How long will we study inequity…
...before we do something about it?
Every year without fail, a new study comes out. Whether it's for Black History Month (UK or US edition), Black Women's Equal Pay Day (getting later than you think each year) or for some other reason.
You know the studies I mean. They talk about achievement gaps, health disparities, pay gaps, perceptions, how Black women are treated as potential leaders, and so on. That last report, brought to us by the ultimate purveyors of “water is wet” studies, McKinsey had a bunch of findings that weren't news to me, or to any of us.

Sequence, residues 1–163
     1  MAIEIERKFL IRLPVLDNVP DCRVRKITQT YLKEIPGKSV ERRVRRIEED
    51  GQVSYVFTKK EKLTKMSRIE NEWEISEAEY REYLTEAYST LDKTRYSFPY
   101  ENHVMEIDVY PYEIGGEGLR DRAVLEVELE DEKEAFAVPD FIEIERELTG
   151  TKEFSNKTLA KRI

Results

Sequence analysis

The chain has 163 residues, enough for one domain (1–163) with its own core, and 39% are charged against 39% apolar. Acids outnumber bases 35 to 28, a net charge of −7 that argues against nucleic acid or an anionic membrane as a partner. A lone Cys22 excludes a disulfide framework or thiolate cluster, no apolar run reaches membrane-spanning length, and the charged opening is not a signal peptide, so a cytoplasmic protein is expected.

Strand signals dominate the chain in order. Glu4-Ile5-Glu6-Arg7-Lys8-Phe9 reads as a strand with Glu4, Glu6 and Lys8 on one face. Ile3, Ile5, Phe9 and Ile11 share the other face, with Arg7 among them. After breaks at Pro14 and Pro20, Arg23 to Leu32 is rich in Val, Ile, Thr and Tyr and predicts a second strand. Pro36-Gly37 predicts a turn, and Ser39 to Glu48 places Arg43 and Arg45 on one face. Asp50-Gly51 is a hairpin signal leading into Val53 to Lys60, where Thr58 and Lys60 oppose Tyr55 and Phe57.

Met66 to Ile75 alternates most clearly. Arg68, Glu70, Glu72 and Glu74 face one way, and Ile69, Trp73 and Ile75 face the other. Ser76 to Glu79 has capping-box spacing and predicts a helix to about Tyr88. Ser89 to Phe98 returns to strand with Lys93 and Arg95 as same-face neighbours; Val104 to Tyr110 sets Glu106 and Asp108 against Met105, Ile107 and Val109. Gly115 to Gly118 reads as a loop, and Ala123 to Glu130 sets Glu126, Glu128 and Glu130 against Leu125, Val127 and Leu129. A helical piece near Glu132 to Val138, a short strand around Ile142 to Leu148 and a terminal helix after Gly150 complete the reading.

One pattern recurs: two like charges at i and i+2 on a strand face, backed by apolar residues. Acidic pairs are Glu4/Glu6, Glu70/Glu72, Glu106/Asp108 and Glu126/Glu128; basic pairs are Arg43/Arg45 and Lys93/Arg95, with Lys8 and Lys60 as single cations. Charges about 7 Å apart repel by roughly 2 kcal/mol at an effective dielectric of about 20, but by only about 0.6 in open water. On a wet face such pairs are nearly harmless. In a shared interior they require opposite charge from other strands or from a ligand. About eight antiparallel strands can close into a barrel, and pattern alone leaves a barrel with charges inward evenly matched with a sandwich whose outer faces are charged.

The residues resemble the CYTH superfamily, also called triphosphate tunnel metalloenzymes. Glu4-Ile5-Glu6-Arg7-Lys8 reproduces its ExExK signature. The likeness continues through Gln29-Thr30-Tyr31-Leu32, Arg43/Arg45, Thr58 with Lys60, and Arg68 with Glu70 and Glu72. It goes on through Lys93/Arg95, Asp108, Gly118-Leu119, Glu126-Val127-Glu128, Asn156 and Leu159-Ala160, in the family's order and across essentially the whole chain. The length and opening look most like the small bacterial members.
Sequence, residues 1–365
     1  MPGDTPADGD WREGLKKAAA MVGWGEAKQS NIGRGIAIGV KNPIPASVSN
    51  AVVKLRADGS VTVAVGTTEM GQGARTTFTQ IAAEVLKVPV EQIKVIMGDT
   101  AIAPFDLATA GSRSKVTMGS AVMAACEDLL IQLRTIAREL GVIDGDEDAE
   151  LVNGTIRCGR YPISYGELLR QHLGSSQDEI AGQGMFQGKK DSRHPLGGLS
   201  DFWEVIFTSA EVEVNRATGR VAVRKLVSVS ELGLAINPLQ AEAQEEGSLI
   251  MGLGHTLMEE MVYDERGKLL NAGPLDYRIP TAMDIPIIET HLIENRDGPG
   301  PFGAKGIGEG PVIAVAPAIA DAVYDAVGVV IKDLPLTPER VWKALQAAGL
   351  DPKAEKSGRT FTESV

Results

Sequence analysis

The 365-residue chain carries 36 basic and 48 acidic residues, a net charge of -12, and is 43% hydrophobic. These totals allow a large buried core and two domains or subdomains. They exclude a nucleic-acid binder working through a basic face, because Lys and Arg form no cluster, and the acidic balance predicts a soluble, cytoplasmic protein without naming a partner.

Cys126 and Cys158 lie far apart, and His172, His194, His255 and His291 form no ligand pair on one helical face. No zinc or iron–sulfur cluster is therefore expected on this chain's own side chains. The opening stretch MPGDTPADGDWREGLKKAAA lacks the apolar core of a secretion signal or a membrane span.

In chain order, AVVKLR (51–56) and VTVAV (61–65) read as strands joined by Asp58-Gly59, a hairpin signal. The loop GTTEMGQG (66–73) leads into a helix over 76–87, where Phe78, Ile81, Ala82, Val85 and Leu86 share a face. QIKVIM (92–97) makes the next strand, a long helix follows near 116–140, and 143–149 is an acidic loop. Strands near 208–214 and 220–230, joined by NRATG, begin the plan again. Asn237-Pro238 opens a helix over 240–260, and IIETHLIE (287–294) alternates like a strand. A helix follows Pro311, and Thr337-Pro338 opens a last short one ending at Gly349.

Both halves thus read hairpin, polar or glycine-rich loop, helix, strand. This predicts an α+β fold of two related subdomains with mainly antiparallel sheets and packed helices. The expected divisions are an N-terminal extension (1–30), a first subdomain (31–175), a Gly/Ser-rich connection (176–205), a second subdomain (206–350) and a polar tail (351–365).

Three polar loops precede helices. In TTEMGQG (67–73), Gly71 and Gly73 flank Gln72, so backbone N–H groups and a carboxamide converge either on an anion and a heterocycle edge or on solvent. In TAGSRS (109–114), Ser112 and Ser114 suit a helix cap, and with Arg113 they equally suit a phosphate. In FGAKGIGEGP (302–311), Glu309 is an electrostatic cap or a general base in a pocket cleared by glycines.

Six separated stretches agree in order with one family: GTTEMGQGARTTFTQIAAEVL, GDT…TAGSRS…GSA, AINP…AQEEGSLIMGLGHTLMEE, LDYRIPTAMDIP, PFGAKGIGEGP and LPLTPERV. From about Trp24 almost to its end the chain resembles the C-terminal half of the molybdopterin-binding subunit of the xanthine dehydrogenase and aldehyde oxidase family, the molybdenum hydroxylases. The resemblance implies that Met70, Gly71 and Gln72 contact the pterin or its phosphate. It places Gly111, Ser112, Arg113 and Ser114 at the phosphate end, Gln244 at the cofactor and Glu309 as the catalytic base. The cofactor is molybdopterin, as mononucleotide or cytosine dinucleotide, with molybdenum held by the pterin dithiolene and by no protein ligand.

You can get the full rundown from Dana Brownlee, but in a nutshell, McKinsey’s study finds that Black women are more likely to have their credentials or judgment questioned, and to be mistaken for someone at a junior level. As I said, water is wet. Almost every Black woman I know - and I know a lot - has experienced this, as have other people of the global majority.
Often, these disparities and gaps are measured in the abstract as if they don't have real consequences for real people, many of whom look like me. But two things are missing for me in practically every report. First, the context. Second, the action.